Stains on clothing were one of the most important disposal reasons, especially for children’s clothing. Butler (2011) used this as a starting point in one of the design tasks, where she developed different methods of embroidering around stains, as well as using natural dyestuffs to create figures that were inspired by weeds. Another way of thinking about this is to design clothing so that stains could be hidden within the patterns, or to use surface treatments that prevent soil from sticking, although in this case the safety of such products would need to be assessed to evaluate the complete environmental impacts.

Clothing care is also connected to lifespan of clothing. For example, some garments in the study did not get used because they would have required ironing before use, and that was considered to be too demanding for some of the owners that chose to give away the clothing instead. Non-iron labelled shirts can be found in many stores, but the products that require ironing are not labelled, and in some cases it is difficult to predict how they will turn out in use.

Technical Quality, Durability and Function

The largest disposal reason category was changes in garments (40%). It is possible to reduce these changes through several measures in production and design, such as selection of suitable materials for the intended use and stricter quality control. Most of these properties can be easily tested in a textile laboratory, and large textile companies do have their own quality manuals. However, examples such as Lena’s t-shirt show that either the requirements are too low, or that they are not tested and followed up.

Based on the examination of clothing, it is also possible to suggest strengthening areas that are more prone to stress, and show signs of wear and holes. On trousers this will typically be at lower legs (if too long), between the thighs, and around pockets and knees, but these abrasion points varied some based on the body types of the user, as well as the use situations (for example if pockets were used a lot or not). On clothing with lining the lining often showed more signs of wear than the main material, and especially the seams were often broken. On shirts most signs could be seen in collar, cuffs and elbows, while in socks the most common place for holes was the heels, but also sometimes the toe area.

The investigation of clothes showed that approximately 40% had pilling or fuzzing to some degree. Only a small proportion of these were mentioned by the owners as disposal reasons. When pilling or fuzzing was given as disposal reason, the level was evaluated to be on average grade 2 on a scale from 1 to 5, which is very noticeable pilling (ISO, 2015).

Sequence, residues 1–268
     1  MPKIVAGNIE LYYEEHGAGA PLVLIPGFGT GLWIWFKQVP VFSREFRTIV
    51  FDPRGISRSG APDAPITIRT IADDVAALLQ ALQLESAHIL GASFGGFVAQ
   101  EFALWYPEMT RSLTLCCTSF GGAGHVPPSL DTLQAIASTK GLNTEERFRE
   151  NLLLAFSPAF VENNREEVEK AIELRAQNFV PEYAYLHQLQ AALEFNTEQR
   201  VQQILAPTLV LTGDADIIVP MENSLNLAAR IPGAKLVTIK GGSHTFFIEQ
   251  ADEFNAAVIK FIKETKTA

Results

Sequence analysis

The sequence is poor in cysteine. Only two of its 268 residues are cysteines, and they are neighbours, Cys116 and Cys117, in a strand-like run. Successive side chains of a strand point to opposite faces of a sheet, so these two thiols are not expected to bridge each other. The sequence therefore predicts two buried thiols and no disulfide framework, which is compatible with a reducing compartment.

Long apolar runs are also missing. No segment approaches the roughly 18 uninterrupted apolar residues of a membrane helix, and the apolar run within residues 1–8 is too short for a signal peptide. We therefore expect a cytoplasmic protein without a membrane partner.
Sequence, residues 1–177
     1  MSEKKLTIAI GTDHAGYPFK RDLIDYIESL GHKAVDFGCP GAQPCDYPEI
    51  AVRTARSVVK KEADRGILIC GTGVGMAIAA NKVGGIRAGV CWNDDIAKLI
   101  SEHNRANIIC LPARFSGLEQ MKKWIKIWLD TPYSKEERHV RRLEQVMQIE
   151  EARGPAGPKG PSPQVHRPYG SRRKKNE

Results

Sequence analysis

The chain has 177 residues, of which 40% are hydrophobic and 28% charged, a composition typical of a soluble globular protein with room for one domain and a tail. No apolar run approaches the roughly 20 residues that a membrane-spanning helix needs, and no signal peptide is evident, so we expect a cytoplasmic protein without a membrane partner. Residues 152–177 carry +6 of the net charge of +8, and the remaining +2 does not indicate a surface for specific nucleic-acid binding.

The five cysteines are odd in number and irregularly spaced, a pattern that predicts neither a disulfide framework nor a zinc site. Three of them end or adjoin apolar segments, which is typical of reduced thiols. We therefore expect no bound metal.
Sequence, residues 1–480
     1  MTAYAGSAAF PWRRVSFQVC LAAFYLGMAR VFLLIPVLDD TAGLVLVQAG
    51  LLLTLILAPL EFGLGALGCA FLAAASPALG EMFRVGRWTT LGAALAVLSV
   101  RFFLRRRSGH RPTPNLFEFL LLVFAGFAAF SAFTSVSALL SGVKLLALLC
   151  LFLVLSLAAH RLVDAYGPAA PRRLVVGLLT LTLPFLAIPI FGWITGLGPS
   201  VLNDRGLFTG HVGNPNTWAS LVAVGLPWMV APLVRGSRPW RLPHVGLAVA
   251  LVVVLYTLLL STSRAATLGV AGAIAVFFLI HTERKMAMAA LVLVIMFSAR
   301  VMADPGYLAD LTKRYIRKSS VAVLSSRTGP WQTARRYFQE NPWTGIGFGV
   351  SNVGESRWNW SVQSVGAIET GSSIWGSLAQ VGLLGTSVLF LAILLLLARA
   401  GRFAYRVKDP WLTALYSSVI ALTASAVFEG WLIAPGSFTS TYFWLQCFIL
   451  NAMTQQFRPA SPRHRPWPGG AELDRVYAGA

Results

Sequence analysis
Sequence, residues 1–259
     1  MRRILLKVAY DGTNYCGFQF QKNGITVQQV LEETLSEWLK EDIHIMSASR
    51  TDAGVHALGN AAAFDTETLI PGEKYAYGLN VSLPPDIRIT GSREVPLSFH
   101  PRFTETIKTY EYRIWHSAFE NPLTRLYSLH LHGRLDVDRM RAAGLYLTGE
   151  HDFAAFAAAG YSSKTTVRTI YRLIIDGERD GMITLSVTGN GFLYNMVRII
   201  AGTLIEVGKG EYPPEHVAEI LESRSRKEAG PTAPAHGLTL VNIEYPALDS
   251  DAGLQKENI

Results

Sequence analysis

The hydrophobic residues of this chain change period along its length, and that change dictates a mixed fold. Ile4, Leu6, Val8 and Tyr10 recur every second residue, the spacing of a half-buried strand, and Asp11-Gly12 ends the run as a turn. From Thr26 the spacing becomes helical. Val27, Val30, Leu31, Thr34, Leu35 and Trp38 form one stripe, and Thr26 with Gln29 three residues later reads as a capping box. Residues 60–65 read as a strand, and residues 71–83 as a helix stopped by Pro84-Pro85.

The analysis also shows how closely the social and material reasons for disposal are connected. When something is worn out is not only an objective matter of degrees that can be measured in a laboratory, but also a socially dependent matter. Some users accept a more worn look than others, and accepted it easier on some materials and garment types than others, such as jeans compared to suit trousers. Similarly, stains, pilling and other changes are evaluated differently by different informants and are based on the style of clothing and the location on the clothing. Such assessments of the material change vary over time and are thus bound to the social and cultural evaluation of clothing, including current fashion.

Functional shortcomings (5%) are often directly related to production and quality control, as well as acquisition situation. If rainwear fails to be waterproof, it is difficult to know for the user beforehand, as these properties are usually not given in the garments (apart from in some items of sports clothing). Some functional shortcomings can be recognised if the garment is tried on before purchase, while others may require longer use to be noticed (for example too cold garments, such as Emma’s bathrobe).

Emotional Value and Acquisition

The third largest disposal category was taste related unsuitability (11%). The acquisition method was crucial here; items that were inherited or received as gifts were more often discarded because of this, as the user did not have that much control of what was given to him/her. In general, it could be recommended to avoid giving clothing as presents, unless the giver is sure to know the taste, size, and needs of the receiver. Otherwise these products do not provide enjoyment in use.